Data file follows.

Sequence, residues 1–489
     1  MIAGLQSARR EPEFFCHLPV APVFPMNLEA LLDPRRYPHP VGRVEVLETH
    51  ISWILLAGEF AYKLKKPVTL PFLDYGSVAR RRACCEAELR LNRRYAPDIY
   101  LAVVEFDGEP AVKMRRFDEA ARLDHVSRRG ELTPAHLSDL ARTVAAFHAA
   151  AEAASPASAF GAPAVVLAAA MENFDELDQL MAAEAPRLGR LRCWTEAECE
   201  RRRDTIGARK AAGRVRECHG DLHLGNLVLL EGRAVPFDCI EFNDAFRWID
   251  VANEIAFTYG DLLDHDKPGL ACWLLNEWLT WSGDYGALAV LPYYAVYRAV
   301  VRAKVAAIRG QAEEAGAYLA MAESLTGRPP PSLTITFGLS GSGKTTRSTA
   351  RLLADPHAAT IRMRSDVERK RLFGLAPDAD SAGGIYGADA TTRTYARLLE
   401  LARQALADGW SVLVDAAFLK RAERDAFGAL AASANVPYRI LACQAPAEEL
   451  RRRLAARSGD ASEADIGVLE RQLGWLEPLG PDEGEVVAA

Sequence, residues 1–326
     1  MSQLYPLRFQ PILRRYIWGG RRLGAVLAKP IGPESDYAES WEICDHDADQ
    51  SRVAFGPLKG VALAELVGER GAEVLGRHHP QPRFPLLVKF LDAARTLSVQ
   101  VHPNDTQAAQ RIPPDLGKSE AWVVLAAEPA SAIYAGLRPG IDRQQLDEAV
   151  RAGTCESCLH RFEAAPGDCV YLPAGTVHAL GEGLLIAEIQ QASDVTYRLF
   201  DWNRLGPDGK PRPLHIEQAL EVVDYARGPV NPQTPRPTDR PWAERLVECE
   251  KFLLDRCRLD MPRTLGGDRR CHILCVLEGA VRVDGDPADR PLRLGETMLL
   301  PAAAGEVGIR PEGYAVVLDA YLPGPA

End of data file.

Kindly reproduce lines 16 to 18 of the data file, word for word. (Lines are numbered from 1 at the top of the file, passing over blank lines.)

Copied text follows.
   151  RAGTCESCLH RFEAAPGDCV YLPAGTVHAL GEGLLIAEIQ QASDVTYRLF
   201  DWNRLGPDGK PRPLHIEQAL EVVDYARGPV NPQTPRPTDR PWAERLVECE
   251  KFLLDRCRLD MPRTLGGDRR CHILCVLEGA VRVDGDPADR PLRLGETMLL